In Denver, sales of homes worth 1 million or more fell 44.4% between August and September and sales of homes over $500,000 dropped 33 percent during the same period.  Overall sales in September of 2018 are down 21.4% from September 2017 (Colorado Hard Money).  This is due in large part to the increase in mortgage rates.

Denver, like many expensive markets, will feel the effects quicker than other markets as the median home price is higher.  As a result, the average loan size is also bigger so each move in rates will impact borrowers more.  Denver’s recent slow down in purchases will eventually hit other less expensive markets as rates continue to rise.



Not only are sales slowing because of rates, refinancing activity is down considerably.  In the past, consumers utilized a refinance to lower their monthly payments and or pull cash out.  This has all but dried up.

Refinance volume, which is highly rate-sensitive, fell 6 percent for the week and was 39 percent lower than a year ago.  “As mortgage rates increased to a five-week high, the refinance index decreased to its lowest level since the end of 2000,” said Joel Kan, MBA’s associate vice president of economic and industry forecasting (CNBC)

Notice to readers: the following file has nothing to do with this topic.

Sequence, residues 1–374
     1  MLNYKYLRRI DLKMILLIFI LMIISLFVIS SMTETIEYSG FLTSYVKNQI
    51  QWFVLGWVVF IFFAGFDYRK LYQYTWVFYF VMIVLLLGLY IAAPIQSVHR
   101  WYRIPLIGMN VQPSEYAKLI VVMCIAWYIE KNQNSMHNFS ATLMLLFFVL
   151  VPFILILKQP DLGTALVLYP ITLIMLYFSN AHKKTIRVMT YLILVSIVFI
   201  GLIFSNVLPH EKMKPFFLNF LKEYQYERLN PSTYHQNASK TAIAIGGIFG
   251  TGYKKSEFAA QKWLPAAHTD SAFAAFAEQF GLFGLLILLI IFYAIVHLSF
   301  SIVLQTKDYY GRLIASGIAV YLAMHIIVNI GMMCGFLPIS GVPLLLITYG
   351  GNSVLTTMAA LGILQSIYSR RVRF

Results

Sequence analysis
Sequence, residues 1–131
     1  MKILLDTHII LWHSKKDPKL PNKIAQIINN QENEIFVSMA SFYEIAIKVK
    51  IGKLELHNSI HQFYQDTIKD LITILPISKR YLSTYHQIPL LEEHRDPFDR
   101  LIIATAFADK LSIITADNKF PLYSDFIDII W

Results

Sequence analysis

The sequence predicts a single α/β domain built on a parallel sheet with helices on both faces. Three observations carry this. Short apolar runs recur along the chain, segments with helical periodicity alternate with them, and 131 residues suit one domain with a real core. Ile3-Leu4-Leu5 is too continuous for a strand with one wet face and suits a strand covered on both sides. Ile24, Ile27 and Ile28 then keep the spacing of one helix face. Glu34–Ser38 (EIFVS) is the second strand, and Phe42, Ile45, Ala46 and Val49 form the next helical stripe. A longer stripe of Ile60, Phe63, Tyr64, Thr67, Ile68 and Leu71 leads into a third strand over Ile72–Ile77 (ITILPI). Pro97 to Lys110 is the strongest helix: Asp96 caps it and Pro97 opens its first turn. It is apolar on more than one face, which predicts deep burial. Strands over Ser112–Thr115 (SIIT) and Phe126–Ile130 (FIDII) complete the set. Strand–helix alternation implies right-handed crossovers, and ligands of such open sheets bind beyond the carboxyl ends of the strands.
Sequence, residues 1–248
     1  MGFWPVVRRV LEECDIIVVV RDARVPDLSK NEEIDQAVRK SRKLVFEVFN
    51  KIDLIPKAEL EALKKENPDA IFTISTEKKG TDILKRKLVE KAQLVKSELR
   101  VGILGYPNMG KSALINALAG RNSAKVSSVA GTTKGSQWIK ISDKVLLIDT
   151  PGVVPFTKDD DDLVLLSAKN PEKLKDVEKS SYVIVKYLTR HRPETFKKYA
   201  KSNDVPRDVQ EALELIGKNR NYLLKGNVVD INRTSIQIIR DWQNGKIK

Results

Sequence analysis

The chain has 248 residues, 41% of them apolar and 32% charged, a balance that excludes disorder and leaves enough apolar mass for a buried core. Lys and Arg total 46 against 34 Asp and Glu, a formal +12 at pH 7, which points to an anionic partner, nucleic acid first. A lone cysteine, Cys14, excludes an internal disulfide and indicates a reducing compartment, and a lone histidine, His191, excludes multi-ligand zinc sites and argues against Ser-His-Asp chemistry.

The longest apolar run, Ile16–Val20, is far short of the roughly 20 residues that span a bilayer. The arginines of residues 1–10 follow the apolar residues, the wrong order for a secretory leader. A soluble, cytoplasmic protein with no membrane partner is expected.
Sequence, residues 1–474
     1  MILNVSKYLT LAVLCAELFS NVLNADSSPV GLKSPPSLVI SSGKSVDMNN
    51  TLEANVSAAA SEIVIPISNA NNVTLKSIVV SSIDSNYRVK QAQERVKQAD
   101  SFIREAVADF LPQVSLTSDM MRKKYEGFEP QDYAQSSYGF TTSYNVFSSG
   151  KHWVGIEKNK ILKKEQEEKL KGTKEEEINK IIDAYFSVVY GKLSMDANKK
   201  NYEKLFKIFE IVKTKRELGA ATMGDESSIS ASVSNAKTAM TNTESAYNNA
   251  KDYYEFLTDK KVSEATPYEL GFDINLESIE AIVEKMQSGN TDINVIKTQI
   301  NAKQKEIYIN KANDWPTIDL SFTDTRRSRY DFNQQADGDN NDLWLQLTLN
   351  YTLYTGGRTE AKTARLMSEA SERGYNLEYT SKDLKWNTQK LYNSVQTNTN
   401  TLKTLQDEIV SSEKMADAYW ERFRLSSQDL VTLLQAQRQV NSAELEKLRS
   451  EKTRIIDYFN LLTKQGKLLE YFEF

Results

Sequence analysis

Commercial Properties

Not only are commercial property interest rates also rising but commercial property values are being impacted by the raise in rates.  Interest rates and capitalization rates typically move in lockstep.  So higher rates mean higher capitalization rates.  In 2016 the 10-year treasury was 1.4%, the current cap rate is 3.2%. For example, if a property traded on a 3 cap in 2016 when rates were at there lowest, with the newest move in treasury rates that new cap rate will be closer to 4.8%.  The value of the property will be substantially reduced, fortunately in a rising economy rents are also increasing, but not fast enough to compensate for the quick rise in rates.  Remember capitalization rates and values move in inverse so the higher the cap rate, the lower the value.  This has huge implications on commercial real estate values.

What does this mean for the market?